As a vain and dashing hunk in a black beret, he seduces numerous women onto his bed and into his cause. The most significant of these ladies, Magdalena Kopp (Nora von Waldstatter), is a sultry German lured by the radical chic of it all. Carlos encourages her to conflate his appealing anatomy with that of the weapons he brandishes. She eventually becomes his wife, though the guy’s compulsive infidelities never falter. But at heart – if he even has one – he is a misogynist. His disdain for the opposite sex is evident in his calling Nada (Julie Hummer), a volatile female in their cadre, “a crazy bitch.” OK, she sure is that, but nobody’s perfect – least of all the power-hungry Latin American protagonist. He’s Tony Soprano with a Spanish accent. The HBO mafia boss rarely left New Jersey, of course. The peripatetic Carlos constantly travels back and forth from Europe, the Middle East, the Soviet bloc and Africa, somehow staying under the radar of officialdom as his reputation precedes him.

The closest he comes to a tender adult bond probably is with Hans-Joachim Klein (Christolph Bach), for some reason nicknamed Angie. Yet, this character displays the only semblance of a conscience among the villains, preferring nonviolent activism and denouncing the anti-Semitism of others in their movement. Inexplicably, Carlos protects him instead of ordering a hit. While demanding absolute fealty from his followers, he’s incapable of being a good boy in the established hierarchy. “You are famous now, a big star,” Haddad tells him. “But celebrities are never keen on obeying orders.”

Ah, fame. So fleeting. Carlos starts out as a sought-after communist enforcer inspired by the courage of Che Guevara but, as his influence dwindles in the wake of the eroding Cold War, he succumbs to mercenary pursuits, like smuggling arms for the highest bidder. He pledges his allegiance to Islam, despite being an atheist who has always thought of religion as the opium of the masses. By this time, his sociopathic opportunism has replaced any notion of a pure anti-imperialist struggle. Betrayals are inevitable, none worse than by his own body. As years go by and his importance lessens, Carlos develops a middle-age spread. He seeks liposuction. And how’s this for cosmic justice: His penis hurts. It’s not the clap, just a horribly painful blockage of semen.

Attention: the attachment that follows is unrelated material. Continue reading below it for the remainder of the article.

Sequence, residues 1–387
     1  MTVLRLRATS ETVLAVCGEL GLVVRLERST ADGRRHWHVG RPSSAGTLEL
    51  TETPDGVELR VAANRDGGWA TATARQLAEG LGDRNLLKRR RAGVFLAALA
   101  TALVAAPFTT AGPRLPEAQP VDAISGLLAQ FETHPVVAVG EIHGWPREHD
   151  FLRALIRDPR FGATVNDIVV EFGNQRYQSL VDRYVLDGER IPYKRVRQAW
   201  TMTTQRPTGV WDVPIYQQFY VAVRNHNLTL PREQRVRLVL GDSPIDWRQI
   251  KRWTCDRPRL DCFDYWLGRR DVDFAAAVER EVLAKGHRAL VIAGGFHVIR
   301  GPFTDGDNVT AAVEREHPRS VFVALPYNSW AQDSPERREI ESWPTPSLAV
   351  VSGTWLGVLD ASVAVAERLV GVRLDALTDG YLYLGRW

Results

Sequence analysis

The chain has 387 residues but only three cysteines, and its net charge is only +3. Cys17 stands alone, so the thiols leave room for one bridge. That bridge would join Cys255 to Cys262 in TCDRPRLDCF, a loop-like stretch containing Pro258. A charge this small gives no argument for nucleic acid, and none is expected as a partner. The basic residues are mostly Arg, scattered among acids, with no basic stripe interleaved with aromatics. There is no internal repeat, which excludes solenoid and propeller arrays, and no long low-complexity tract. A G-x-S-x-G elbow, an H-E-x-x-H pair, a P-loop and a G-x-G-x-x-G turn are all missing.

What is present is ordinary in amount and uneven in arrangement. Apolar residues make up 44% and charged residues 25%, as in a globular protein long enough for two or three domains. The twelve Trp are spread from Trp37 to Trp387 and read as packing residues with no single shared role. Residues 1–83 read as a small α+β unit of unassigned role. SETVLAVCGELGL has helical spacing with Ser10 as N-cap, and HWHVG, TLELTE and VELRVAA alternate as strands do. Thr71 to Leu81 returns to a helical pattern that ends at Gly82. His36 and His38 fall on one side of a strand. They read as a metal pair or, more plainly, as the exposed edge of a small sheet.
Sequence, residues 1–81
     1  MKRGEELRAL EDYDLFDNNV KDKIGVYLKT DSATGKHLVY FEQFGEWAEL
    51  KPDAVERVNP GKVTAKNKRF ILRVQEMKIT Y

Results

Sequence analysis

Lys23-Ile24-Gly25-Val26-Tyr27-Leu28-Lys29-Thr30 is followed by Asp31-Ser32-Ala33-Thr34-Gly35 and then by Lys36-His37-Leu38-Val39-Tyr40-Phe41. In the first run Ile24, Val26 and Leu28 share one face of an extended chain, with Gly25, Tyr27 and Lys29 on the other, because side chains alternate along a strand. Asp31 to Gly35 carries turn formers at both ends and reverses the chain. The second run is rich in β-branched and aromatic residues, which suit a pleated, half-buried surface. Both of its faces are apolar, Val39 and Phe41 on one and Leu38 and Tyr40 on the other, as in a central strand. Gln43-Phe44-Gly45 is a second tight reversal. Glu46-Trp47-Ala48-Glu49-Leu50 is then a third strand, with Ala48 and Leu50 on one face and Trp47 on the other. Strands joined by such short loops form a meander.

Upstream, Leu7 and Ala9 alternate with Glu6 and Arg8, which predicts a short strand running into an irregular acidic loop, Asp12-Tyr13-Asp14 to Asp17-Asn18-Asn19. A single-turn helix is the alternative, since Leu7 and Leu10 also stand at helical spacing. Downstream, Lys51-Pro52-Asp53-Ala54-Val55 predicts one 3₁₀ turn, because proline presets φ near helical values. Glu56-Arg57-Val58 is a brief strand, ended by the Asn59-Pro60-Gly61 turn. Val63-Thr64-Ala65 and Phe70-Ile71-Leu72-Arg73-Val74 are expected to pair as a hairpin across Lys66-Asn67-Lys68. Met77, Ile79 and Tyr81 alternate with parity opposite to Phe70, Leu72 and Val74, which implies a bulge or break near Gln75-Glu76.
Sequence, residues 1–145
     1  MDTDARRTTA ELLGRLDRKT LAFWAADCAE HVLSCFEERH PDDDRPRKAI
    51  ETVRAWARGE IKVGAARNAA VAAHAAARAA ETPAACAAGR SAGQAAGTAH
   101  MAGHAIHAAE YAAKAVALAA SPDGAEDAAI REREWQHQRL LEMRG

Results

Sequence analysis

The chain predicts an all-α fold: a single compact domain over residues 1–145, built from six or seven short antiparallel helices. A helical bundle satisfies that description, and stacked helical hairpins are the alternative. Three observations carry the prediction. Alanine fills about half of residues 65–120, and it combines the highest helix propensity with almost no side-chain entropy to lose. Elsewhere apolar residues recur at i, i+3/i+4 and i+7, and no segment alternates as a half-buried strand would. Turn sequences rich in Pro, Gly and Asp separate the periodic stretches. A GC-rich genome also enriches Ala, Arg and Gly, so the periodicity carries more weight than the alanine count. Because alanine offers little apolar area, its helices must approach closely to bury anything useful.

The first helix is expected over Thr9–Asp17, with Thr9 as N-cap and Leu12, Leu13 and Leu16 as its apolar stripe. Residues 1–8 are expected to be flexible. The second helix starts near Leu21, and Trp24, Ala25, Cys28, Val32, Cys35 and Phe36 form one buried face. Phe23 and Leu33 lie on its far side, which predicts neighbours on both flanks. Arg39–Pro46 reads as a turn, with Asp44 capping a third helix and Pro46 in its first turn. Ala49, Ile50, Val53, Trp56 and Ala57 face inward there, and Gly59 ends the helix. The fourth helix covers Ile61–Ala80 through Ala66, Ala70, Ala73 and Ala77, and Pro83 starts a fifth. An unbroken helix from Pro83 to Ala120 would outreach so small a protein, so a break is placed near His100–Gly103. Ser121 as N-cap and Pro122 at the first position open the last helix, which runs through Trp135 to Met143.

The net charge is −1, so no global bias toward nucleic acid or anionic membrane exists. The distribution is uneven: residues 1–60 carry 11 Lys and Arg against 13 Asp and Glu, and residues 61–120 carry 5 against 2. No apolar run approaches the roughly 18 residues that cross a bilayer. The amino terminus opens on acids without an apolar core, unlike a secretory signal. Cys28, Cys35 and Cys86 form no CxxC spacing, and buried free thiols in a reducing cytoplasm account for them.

Ramirez inhabits the role with amazing confidence, artfully conveying the trajectory from charisma to inconsequence. The script, by Assayas and Dan Franck, sticks close to the fascinating details: Carlos is almost a terrorist procedural, old-fashioned yet totally of the moment. In terms of comparative genres, this is a slice of documentary-like realism (Gillo Pontecorvo’s The Battle of Algiers, an intense thriller (Costa-Gavras’ Z), a comprehensive historical record (Steven Soderbergh’s Che) and an examination of the inevitable futility in any geopolitical maelstrom (Steven Spielberg’s Munich). As disturbing as such depictions of large-scale human folly may be, we can’t look away. We don’t dare look away.

Check out Shlomo Schwatrzberg’s October 6 interview with Olivier Assayas here.

– Susan Green is a film critic and arts journalist based in Burlington, Vermont. She is the co-author with Kevin Courrier of Law & Order: The Unofficial Companion and with Randee Dawn of Law & Order Special Victims Unit: The Unofficial Companion.